But just take a look at the number one issue facing America domestically: our looming entitlement crisis. If we don’t radically change our entitlement programs and put them on a sustainable course, our country is in deep, catastrophic trouble. We face in the neighborhood of $100 trillion in unfunded liabilities. That’s trillion with a “t.”
In terms of getting our fiscal house in order, nothing even comes close to entitlement reform. Defense, foreign aid, the bridge to nowhere, taxes on the rich — it’s all just noise. The entitlement programs, especially Medicare, are where the money is at. But what has the Democratic leadership proposed — on paper — to fix our long-term debt problem that is serious and even the slightest bit politically risky? I can’t think of a single thing.
Mann and Ornstein suggest that while the Democrats aren’t exactly perfect, in the end they are all basically just “centrist protectors of government, reluctantly willing to revamp programs and trim retirement and health benefits to maintain its central commitments in the face of fiscal pressures.”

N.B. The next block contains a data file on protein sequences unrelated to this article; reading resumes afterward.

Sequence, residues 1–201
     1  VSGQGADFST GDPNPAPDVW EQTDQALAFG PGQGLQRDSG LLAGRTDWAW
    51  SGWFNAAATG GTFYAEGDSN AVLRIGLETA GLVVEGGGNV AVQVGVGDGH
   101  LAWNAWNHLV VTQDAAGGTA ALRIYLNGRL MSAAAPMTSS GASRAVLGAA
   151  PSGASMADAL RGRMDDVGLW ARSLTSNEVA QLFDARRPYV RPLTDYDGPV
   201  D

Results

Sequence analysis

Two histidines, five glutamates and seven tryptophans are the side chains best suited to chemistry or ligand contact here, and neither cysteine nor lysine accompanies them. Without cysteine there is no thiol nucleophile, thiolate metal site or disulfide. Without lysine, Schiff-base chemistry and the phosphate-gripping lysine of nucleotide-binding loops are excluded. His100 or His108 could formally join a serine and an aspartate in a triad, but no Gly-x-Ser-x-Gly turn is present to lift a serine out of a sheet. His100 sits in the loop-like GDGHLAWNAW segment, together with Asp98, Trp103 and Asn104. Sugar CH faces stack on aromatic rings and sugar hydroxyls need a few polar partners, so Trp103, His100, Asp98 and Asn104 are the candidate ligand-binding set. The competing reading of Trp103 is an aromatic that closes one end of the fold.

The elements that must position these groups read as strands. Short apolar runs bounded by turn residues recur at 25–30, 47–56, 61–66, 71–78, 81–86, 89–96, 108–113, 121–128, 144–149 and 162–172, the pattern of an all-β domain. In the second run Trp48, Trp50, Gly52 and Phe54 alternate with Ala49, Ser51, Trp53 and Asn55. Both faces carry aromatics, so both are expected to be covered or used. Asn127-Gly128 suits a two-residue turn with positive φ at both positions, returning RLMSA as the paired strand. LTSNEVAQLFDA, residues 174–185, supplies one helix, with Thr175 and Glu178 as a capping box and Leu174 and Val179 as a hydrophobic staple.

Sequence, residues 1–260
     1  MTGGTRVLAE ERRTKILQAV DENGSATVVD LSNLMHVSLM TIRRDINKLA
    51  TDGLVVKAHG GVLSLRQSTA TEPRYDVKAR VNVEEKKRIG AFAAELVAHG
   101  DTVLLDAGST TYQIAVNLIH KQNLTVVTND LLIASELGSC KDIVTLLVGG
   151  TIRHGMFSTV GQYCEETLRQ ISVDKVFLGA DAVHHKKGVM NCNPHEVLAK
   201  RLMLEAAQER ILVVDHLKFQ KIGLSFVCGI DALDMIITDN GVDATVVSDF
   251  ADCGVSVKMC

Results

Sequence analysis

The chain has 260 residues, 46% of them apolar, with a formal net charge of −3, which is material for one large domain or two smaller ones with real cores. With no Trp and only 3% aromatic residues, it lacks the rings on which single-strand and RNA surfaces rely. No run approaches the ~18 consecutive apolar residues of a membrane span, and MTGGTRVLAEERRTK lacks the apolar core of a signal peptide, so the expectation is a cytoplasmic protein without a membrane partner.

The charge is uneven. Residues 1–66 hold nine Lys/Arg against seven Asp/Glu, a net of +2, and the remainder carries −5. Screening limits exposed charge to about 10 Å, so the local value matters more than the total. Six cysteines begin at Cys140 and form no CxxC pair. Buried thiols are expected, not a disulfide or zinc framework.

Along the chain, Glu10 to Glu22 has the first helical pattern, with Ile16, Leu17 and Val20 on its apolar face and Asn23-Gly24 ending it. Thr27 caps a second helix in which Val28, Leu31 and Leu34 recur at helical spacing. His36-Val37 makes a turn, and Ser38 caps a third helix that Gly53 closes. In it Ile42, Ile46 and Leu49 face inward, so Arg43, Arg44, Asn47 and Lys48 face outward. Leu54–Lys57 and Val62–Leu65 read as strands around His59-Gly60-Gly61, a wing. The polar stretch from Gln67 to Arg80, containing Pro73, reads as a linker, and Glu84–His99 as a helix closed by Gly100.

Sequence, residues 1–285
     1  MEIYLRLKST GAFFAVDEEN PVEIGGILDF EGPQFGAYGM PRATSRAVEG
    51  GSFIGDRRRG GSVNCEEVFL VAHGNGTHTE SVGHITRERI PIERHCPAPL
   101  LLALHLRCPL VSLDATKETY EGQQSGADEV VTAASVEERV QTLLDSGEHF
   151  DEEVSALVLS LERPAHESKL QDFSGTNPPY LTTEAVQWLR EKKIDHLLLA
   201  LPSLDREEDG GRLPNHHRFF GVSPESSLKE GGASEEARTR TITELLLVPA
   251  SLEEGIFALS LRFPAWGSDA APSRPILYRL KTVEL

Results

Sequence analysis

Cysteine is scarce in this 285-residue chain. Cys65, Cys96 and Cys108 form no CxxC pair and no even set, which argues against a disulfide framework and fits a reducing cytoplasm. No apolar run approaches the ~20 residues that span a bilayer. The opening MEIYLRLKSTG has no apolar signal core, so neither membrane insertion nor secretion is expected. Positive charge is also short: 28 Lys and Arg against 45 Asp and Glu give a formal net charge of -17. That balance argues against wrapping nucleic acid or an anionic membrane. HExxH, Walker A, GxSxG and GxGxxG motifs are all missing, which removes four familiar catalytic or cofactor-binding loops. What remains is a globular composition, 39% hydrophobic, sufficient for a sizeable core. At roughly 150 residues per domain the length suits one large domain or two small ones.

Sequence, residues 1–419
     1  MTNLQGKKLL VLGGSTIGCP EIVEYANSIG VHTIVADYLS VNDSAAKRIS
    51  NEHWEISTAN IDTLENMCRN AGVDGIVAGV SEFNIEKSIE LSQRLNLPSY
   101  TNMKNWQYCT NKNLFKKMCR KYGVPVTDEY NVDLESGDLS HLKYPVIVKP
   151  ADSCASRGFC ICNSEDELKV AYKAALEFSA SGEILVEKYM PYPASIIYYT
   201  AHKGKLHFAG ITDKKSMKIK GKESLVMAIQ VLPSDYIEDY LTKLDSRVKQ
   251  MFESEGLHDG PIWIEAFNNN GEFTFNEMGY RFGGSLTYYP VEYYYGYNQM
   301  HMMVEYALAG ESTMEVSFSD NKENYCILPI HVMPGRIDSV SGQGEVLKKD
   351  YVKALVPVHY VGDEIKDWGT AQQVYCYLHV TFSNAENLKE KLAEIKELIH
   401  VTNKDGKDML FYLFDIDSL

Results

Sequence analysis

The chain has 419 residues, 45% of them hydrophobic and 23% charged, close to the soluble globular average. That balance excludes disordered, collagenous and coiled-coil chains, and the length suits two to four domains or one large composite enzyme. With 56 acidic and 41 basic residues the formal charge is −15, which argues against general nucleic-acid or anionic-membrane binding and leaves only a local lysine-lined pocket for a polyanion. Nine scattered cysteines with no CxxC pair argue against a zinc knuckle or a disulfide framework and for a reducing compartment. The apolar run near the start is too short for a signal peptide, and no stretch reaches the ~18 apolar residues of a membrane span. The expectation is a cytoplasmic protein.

There is nothing centrist about this. It is radical when what threatens our national long-term prosperity and solvency is exactly what the Democrats steadfastly refuse to consider touching. In fact, they apparently oppose such reform enthusiastically.
In a Wall Street Journal review of Robert Draper’s new book on the current Congress, ABC News’ Jonathan Karl summarized how the Democratic House caucus was prepared to oppose serious entitlement reform that was supposed to be part of the “Grand Bargain” President Obama was working on with Speaker of the House John Boehner in summer 2011
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